Relationship with nurses' adherence to recommended use of facial protective Equipment
Background : Despite the existence of formal guidelines for the acute health care sector, nurses' adherence to recommended use of facial protective equipment (FPE) to prevent occupational transmission of communicable respiratory disease remains suboptimal. In addition to individual factors such as knowledge and education, group factors such as shared perceptions of organizational support for safety may influence adherence. These group safety climate perceptions can differ depending on the pace and type of work, local leadership, and organizational structure of each unit.
Methods : An analysis of a data set from a cross-sectional survey of 1,074 nurses in 45 units of 6 acute care hospitals was conducted. Variance components analysis was performed to examine the variance in perceptions of safety climate and adherence between units. Hierarchical linear modeling using unit-level safety climate dimensions was conducted to determine if unit-level safety climate dimensions were predictors of nurses' adherence to FPE.
Results : Findings revealed statistically significant unit variances in adherence and 5 of the 6 unit-level safety climate dimensions (P < .05). Furthermore, a hierarchical model suggested that tenure and unit-level communication were significantly associated with increased adherence to FPE (P < .05).
Conclusion : Unit-level safety climate measures varied significantly between units. Strategies to improve unit-level communication regarding safety should assist in improving adherence to FPE.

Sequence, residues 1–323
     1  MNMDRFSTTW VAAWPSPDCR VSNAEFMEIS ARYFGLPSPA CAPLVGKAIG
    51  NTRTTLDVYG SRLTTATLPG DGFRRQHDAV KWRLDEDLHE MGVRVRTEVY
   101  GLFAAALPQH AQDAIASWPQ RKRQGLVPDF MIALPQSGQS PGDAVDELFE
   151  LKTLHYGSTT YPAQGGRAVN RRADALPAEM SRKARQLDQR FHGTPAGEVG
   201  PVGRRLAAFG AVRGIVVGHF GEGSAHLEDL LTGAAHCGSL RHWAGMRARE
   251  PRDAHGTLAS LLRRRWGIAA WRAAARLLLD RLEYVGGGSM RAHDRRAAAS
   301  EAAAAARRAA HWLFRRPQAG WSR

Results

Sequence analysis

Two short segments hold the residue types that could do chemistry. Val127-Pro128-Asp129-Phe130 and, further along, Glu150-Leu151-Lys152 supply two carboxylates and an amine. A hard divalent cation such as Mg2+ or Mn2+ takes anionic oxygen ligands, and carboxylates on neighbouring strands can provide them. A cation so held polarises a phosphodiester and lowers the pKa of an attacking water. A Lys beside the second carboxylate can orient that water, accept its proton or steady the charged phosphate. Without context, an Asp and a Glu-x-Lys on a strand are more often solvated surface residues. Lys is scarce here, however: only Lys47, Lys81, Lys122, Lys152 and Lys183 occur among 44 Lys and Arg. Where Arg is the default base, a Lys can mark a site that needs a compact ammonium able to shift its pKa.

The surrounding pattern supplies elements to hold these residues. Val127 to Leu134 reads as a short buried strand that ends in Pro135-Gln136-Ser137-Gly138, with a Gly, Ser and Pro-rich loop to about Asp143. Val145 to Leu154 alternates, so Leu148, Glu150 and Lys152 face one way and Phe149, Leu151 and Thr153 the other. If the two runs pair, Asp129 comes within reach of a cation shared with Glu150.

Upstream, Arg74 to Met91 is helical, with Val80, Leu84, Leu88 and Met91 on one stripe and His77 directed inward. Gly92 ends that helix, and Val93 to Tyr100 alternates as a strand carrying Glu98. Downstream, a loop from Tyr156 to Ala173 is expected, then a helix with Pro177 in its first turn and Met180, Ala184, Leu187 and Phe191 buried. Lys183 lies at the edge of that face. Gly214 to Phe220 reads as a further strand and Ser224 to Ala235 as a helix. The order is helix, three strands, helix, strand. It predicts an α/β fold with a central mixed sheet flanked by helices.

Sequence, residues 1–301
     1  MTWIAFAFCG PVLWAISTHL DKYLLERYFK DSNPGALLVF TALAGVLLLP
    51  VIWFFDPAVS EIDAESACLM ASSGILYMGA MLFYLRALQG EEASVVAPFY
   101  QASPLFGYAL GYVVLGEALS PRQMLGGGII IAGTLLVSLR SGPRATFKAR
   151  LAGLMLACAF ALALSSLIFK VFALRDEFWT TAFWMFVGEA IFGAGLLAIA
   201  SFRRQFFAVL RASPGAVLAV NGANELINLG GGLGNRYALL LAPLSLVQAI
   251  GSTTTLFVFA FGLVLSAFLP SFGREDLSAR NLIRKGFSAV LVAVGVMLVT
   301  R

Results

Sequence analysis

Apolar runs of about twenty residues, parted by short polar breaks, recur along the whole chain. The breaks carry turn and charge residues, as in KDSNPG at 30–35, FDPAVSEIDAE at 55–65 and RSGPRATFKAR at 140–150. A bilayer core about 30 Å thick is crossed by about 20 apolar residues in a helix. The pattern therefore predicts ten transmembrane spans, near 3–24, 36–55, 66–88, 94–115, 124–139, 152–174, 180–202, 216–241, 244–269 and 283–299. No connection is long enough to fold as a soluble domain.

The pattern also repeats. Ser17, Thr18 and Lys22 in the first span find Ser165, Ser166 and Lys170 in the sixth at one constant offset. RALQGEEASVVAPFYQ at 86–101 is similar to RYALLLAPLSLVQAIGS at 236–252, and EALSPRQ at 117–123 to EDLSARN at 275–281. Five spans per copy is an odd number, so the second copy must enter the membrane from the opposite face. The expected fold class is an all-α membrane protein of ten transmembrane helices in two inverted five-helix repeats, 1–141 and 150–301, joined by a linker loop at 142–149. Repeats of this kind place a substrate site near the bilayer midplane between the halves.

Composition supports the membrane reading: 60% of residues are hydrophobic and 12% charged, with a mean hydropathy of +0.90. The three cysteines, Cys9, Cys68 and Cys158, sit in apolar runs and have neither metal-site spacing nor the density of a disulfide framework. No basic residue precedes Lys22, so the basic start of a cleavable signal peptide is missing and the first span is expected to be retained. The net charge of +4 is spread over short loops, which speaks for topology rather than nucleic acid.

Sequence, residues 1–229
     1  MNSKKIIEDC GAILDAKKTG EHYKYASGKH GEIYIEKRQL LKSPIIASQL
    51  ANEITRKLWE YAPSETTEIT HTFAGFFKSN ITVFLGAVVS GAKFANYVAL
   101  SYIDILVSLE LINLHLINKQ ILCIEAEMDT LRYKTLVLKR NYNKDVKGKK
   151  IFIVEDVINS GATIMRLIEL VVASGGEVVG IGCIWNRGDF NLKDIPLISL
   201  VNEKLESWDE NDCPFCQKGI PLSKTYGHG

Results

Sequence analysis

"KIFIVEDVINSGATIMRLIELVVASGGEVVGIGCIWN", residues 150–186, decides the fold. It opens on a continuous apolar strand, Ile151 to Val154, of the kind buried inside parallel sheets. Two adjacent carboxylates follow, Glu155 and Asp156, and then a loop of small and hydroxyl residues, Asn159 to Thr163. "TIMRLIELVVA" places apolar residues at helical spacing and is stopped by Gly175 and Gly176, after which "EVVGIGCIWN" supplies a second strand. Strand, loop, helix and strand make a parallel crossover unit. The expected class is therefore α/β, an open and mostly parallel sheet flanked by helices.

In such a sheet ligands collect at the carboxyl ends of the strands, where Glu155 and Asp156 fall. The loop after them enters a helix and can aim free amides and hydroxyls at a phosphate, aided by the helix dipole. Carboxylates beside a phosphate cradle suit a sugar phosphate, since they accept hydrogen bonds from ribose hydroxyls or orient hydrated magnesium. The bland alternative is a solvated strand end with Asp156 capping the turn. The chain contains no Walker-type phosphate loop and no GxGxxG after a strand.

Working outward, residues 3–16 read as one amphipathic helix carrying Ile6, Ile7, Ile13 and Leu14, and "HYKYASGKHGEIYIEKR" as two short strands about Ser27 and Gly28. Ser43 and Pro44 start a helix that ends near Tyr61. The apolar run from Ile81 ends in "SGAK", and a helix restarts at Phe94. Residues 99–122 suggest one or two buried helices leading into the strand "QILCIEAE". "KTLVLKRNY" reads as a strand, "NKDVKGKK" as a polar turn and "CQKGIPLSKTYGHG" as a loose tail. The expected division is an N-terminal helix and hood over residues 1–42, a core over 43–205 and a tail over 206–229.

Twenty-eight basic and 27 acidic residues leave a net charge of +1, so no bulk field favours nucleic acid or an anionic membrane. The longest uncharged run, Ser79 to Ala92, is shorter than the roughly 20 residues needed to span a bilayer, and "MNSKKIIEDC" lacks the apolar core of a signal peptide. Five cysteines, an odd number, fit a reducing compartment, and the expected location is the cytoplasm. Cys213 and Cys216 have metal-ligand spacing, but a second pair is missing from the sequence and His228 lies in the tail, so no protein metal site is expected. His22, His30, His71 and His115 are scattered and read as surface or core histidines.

Source: Diamant Rozenbojm, Michael, Nichol, Kathryn, Spielman, Stephanie, & Holness, Linn. (2014). AJIC : American Journal of Infetion Control. February 1, 2015, Volume 43, Issue 2, Pages 115–120.
Methodology and distribution study
The likelihood of a slip is related to the available and required friction for a certain activity, here gait. Classical slip and fall analysis presumed that a walking surface was safe if the difference between the mean available and required friction coefficients exceeded a certain threshold. Previous research was dedicated to reformulating the classical slip and fall theory to include the stochastic variation of the available and required friction when predicting the probability of slip in gait. However, when predicting the probability of a slip, previous researchers have either ignored the variation in the required friction or assumed the available and required friction to be normally distributed. Also, there are no published results that actually give the probability of slip for various combinations of required and available frictions. This study proposes a modification to the equation for predicting the probability of slip, reducing the previous equation from a double-integral to a more convenient single-integral form. Also, a simple numerical integration technique is provided to predict the probability of slip in gait: the trapezoidal method. The effect of the random variable distributions on the probability of slip is also studied. It is shown that both the required and available friction distributions cannot automatically be assumed as being normally distributed. The proposed methods allow for any combination of distributions for the available and required friction, and numerical results are compared to analytical solutions for an error analysis. The trapezoidal method is shown to be highly accurate and efficient. The probability of slip is also shown to be sensitive to the input distributions of the required and available friction. Lastly, a critical value for the probability of slip is proposed based on the number of steps taken by an average person in a single day.